But, as it signs off on its seasonal break until the first few days of 2012, FSFF thought the time was right for a listing of links to its favourite, openly accessible, online Film Studies resources in 2011.
Thanks so much to all who worked hard to bring you these openly accessible treasures in the first place. And thanks also, dear readers, for being there to appreciate them.
FSFF very much looks forward to seeing you again in the New Year.
Top seven film and moving image studies history resources online in 2011:
Today, Film Studies For Free joyously tips the wink to its readers about the online availability of video recordings of papers from research events held at the Centre for Research in the Arts, Social Sciences and Humanities (CRASSH) at the University of Cambridge.
These valuable online resources will clearly be added to in the coming months and years so while FSFF will keep its beady eye trained for the appearance of future recordings of note, its readers might like to do the same with their own beady eyes.
Diane Keaton has just published her memoirs. Reflecting on becoming a mother at 50 and kissing Jack Nicholson at 57, Keaton is ageing in her own unique way. On Friday 9 December Birkbeck, University of London, [held] a major research symposium exploring how stars including Keaton, Brigitte Bardot, Nicole Kidman and Elizabeth Taylor aged in the public eye.
This one-day research symposium, organised by Dr Janet McCabe and Dr Deborah Jermyn, [debated] two significant (and interlinked) issues; performance and ageing. Encompassing both historical and topical case studies, speakers [considered] a range of celebrities, stars and case studies drawn from different national and industrial contexts. The keynote speaker w[as] Professor Ginette Vincendeau (King’s College, University of London).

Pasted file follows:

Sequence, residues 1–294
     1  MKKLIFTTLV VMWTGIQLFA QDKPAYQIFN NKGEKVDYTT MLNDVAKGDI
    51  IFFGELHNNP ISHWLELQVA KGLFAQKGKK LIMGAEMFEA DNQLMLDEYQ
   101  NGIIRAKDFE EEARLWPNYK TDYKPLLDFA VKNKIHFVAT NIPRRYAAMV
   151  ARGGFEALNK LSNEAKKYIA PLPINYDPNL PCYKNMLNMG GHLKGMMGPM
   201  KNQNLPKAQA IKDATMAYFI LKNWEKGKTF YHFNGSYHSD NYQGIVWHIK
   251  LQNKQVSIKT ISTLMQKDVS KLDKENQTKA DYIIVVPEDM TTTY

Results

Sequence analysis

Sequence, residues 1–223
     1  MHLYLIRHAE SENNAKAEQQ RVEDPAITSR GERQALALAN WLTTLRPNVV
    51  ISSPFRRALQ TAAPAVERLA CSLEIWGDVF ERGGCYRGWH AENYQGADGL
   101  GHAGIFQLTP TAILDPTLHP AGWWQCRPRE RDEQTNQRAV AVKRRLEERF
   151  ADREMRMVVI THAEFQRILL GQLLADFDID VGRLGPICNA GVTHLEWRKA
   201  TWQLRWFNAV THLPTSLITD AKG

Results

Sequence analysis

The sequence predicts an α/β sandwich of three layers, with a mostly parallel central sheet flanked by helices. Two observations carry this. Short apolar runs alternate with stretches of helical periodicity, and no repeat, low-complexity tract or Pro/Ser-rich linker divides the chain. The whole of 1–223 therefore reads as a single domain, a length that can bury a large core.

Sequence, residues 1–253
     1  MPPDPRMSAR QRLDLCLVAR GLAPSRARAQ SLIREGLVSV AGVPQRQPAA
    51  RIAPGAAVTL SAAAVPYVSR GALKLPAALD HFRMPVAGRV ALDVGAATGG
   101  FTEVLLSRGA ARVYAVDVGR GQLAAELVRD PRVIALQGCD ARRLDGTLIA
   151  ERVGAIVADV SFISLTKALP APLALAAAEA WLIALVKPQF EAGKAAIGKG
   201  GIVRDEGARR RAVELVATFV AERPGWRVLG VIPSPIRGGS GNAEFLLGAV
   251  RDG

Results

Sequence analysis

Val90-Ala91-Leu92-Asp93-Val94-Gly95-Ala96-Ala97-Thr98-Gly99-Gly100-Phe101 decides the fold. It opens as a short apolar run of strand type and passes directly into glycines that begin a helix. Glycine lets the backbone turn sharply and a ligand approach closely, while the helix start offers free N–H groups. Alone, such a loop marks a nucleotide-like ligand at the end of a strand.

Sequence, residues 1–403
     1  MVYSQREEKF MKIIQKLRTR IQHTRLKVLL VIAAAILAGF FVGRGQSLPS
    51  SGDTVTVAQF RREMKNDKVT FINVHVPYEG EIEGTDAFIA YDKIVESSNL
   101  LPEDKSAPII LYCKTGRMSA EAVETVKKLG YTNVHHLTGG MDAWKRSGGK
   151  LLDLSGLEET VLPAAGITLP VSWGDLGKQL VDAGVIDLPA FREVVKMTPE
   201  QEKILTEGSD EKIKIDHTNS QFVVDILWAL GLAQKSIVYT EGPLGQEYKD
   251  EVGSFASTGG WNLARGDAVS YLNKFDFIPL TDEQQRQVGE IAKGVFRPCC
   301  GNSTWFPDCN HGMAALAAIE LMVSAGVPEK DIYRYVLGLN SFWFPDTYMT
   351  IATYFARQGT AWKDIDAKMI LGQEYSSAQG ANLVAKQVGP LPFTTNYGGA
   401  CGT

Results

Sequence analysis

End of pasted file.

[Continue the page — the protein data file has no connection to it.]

The co-organisers believe the time is right for new scholarship focussing on ageing and celebrity and for us to think anew about how we think about growing old. We hear endless reports of how age is becoming increasingly relative, ‘60 is the new 40’ and so on’. With the baby boomer generation going into retirement and being reluctant to be written off as ‘old’, there is a heightened demand for positive representations of ageing. At the same time, stars like Helen Mirren are re-writing the rules for older women working in Hollywood, says Jermyn. The symposium addresse[d] some of these issues and ask[ed]s just how much things are really changing, since women stars are still subjected to a much more critical eye as they age than are their male co-stars. ‘Growing old, and I do mean growing’ writes Diane Keaton, ‘requires reinvention’. I like this quote, says McCabe. We must adjust our ideas about how we age without talking exclusively about how we defy the ageing process. This symposium adopt[ed] different perspectives […] about how celebrity is changing our perceptions and attitudes toward ageing and getting older.
Babel sets out to be a new sort of film that attempts to create a “world cinema” gaze within a commercial Hollywood framework. I examine how it approaches this and ask whether the film succeeds in this attempt. I explore the tensions between progressive and conservative political agendas, and pay particular attention to the ways “other” cultures are seen in a film with “Third World” pretensions and U.S money behind it. I frame my analysis around a key question: does the Iñárritu-led outfit successfully create a paradigmatic “transnational world cinema” text that de-centers U.S. hegemony, or is this a utopian project doomed to failure in a film funded predominantly by major U.S. studios? I examine the ways in which the film engages with the tourist gaze and ask whether the film replaces this gaze with a world cinema gaze or merely reproduces it in new ways . [Deborah Shaw, “Babel and the Global Hollywood Gaze”, Situations, 4.1, 2011]